This system, which we call Preferential voting, works here in Australia and usually means that the winning party receives more than 50% of the Two Party Preferred Vote across the whole country or state. If the electoral commission has done the job of adjusting electoral boundaries fairly, that is. Occasionally, one party will win with around 48% of the 2PP vote as happened in South Australia this year but that sort of outcome is nothing in comparison with the unfairness of your system in the UK where a party can win with 36% of the vote.
The advantage of preferential voting is that you know that the winning candidate is always acceptable to more that 50% of the voters in a single electorate and the winning party is usually acceptable to more than 50% of all the voters across the country.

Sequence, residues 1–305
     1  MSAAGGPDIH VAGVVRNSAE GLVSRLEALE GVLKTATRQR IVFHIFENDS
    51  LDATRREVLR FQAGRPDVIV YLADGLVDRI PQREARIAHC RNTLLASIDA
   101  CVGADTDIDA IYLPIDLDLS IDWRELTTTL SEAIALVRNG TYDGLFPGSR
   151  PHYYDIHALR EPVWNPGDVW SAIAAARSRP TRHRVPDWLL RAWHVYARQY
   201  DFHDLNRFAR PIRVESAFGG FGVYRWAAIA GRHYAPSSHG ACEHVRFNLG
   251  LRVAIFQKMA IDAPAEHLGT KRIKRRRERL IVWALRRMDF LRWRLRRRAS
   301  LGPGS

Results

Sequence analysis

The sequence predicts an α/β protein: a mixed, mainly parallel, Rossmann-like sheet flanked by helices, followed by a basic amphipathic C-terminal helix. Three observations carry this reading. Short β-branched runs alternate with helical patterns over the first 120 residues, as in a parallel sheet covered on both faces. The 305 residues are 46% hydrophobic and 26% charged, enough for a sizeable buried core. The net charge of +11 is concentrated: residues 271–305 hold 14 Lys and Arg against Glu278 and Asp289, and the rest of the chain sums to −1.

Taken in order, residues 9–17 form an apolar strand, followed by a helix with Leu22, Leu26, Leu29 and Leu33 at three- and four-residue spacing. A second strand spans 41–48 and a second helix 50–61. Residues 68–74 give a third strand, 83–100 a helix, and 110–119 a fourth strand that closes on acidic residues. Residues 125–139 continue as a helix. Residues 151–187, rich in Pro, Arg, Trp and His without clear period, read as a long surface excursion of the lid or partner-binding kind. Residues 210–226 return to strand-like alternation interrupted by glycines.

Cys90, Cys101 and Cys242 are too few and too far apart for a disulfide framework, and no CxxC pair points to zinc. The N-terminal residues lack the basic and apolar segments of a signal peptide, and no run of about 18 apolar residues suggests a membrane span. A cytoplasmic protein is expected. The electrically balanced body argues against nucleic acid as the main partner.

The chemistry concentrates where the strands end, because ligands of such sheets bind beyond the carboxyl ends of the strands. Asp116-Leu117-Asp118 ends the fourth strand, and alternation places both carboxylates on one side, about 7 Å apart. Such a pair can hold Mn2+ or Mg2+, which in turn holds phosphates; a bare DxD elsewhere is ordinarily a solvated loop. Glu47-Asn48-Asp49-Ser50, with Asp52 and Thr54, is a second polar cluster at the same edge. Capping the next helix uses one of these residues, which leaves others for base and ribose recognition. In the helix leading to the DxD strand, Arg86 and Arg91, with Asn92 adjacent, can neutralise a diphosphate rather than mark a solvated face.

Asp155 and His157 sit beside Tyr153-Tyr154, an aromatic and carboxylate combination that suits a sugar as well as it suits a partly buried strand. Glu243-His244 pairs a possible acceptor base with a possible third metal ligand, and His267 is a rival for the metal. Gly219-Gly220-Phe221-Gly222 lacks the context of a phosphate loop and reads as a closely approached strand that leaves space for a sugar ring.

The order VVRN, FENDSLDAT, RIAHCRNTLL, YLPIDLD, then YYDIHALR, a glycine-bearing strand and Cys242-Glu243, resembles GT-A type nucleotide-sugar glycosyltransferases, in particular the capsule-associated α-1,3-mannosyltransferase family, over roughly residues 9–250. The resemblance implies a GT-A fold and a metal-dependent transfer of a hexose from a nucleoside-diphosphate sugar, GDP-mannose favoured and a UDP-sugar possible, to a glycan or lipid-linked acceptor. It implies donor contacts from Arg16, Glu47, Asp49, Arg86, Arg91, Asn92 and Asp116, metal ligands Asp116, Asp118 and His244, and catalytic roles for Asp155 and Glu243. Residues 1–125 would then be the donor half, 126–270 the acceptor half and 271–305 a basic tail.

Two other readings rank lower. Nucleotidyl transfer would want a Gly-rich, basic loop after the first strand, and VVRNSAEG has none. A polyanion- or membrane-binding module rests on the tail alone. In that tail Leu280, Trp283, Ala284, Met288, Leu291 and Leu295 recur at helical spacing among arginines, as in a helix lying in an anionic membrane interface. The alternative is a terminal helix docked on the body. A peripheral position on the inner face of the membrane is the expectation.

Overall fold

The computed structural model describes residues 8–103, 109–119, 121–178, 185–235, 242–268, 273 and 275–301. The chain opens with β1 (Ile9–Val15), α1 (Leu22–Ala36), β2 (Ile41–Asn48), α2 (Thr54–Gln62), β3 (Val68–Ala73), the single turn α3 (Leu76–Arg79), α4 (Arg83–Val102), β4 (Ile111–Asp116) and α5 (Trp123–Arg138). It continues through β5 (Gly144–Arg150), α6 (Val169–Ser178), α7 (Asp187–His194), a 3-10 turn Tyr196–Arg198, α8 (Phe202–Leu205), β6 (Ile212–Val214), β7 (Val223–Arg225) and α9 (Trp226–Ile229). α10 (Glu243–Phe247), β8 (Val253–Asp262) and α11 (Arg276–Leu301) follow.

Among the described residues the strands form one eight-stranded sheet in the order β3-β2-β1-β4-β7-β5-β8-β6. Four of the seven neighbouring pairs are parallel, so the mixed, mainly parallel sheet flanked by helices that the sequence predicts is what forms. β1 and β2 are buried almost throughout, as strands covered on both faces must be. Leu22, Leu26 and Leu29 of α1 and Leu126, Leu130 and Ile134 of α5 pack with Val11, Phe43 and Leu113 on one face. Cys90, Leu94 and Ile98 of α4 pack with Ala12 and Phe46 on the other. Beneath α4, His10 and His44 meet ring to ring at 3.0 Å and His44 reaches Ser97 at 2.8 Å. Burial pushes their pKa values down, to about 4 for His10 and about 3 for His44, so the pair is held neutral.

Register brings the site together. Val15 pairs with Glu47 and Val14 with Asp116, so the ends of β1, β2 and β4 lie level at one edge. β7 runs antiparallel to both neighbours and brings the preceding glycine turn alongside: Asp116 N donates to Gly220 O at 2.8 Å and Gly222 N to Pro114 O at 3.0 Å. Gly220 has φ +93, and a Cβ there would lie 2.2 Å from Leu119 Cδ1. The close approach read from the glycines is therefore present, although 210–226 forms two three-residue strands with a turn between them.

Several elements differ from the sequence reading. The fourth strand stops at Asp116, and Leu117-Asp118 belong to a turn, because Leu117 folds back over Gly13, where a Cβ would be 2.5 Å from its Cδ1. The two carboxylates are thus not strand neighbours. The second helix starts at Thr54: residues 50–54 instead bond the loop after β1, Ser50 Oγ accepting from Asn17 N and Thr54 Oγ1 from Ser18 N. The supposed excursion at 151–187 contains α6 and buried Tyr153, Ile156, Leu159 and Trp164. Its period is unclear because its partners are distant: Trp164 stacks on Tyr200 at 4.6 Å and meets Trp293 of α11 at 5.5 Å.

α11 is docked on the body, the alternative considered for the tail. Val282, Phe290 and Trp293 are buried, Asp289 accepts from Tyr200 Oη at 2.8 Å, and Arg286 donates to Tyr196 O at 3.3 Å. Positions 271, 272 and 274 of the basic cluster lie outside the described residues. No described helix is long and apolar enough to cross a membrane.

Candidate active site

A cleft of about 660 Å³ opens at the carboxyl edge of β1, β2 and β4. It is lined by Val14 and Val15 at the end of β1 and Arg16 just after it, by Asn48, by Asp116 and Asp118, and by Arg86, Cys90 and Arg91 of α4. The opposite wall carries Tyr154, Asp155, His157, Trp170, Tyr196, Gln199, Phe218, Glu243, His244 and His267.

It certainly does not favour extremist parties.
The Conservatives may worry that all of the preferences from the Liberal democrats would transfer to the Labour Party. In practice this will not happen. Probably only 60% of the vote would transfer to Labour. 40% would go the Conservatives. The vote for independents and other parties would go where the voter stipulated. Chances are that in the current election where Labour is on the nose the Conservatives would have won a significant victory using this system. Non-Labour voters are likely to preference Labour.
Based on the experience in Australia this system is far more favourable to the conservative parties than the Single Transferable vote or Hare-Clarke system which is employed in Tasmania and the ACT. In those jurisdictions it favours the Labor Party and the Greens.